Old Salt

Time has been at a premium lately, but when I have a few spare moments I like to read the Oxford Dictionaries blog. Those of us who make a living with words often find them utterly fascinating. Simon Thomas’ post, “Worth their salt: words and phrases with roots in ‘salt’” brings a number of interesting facts to light. Salt, now on the list of public enemies, is essential to our well-being in small doses. His clever post includes “salt of the earth,” a phrase biblical through-and-through. It reminded me of the fact that the Bible’s become so porous that few people can say what’s actually in it. It’s kind of a big book, and who has the kind of time needed to read it all, let alone remember what it did or didn’t say? Many phrases are attributed to Holy Writ that don’t appear within its covers, while others that do come thence are thought to originate elsewhere. Strange but true.

We may never come to an agreement on what Jesus actually said, but “salt of the earth” is a phrase attributed to him. Indeed, he may have coined the term “saltness,” but I haven’t researched that thoroughly. The idea of essences, I’m told, is outmoded. But the idea is fascinating—what is salt that has no taste? Would it work to clear our roadways in winter time? There’s a layer of salt on my car already, and it only just snowed for the first time this year. We all know what salt is, what it tastes like—but what is its essence? (If such things exist?)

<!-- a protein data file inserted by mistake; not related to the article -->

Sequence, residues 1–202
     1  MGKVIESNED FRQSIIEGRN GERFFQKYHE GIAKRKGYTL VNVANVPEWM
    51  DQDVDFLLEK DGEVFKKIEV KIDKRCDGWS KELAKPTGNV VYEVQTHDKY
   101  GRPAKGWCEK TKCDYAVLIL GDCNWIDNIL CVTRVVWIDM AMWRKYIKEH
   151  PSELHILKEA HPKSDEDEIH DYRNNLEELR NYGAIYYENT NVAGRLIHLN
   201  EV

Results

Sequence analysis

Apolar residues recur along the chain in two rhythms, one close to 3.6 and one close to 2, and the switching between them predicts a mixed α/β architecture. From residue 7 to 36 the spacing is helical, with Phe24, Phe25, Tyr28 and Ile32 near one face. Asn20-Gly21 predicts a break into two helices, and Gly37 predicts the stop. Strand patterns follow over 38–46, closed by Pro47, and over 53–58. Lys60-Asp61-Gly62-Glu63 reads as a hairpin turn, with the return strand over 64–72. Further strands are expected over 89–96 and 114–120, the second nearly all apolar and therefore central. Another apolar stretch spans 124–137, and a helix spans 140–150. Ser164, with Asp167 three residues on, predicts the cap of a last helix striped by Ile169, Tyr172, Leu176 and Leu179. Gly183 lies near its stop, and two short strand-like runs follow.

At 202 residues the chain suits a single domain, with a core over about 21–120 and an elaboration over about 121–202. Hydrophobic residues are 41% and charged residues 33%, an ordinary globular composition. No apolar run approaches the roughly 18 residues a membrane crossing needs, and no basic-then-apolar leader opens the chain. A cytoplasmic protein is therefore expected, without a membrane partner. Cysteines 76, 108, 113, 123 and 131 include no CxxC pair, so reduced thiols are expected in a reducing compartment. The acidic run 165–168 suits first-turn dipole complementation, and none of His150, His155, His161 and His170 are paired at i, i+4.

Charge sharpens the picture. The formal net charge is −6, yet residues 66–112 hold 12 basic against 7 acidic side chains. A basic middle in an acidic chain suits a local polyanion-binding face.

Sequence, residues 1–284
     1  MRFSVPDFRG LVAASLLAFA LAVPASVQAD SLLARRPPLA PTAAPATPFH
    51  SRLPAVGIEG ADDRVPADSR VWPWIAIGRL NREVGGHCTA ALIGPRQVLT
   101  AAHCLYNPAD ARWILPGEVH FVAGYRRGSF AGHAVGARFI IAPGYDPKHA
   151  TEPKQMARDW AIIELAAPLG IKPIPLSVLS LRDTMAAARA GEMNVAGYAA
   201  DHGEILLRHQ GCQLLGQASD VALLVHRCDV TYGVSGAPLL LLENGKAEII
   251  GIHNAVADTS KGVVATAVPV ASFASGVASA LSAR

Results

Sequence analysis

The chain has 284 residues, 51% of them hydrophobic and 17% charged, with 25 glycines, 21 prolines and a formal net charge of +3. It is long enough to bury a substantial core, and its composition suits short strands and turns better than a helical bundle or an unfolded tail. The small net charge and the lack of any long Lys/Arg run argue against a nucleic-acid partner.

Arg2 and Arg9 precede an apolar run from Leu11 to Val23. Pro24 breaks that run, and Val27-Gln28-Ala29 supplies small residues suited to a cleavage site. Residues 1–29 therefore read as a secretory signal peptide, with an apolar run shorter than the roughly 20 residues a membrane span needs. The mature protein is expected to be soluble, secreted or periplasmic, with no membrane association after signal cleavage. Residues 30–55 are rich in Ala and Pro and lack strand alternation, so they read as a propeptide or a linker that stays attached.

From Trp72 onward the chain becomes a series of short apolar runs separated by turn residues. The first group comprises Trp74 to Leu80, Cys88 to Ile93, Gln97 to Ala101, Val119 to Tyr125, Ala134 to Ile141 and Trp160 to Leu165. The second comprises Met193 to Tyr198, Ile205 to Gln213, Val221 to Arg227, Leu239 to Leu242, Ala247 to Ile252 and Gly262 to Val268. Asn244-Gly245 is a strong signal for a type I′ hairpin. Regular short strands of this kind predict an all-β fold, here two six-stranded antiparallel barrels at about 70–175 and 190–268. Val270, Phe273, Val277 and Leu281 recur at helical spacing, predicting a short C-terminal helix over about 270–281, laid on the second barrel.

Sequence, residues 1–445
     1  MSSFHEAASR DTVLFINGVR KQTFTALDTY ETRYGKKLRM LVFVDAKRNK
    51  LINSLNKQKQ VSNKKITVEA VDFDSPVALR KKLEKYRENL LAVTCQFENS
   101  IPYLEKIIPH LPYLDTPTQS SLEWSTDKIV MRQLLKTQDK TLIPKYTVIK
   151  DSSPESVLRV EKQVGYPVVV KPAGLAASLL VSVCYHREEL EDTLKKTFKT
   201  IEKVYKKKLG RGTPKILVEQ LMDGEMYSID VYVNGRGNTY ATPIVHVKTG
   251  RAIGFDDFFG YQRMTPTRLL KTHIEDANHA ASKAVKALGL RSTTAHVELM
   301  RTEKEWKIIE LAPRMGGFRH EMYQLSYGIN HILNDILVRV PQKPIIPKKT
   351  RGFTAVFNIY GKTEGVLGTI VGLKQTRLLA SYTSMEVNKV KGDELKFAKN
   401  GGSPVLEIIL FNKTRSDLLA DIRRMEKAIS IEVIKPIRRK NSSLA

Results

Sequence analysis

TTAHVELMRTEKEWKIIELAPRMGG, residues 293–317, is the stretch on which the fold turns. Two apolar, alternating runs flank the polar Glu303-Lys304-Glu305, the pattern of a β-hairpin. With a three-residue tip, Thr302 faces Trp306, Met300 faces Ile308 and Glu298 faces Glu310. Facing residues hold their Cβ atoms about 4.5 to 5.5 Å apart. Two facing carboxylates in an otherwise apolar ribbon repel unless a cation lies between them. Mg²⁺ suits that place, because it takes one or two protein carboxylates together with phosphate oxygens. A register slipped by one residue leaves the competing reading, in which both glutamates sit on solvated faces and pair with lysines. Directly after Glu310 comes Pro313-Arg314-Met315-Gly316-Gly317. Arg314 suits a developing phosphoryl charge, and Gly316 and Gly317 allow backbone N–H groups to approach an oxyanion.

Thomas notes that Roman soldiers were paid it salt. I wonder if this was behind a phrase my step-father used to use about work. Although he and I did not get along, now that he’s gone I come back to the hidden bits of wisdom he sometimes shared. He worked very long hours, and seemed happiest when he was doing so. Early in the morning he’d limp through the house and say, “Time to get back to the salt mine.” He wasn’t a literal miner, although we lived in coal country. Salt could mean food, and the salt mine was where you worked to provide food for your family. I may not have gotten along with my step-father, but he worked hard to support a family with three kids not his own. He may have been bitter about that, but today anyone who stays with a family in hard times is considered salt of the earth. And that’s biblical.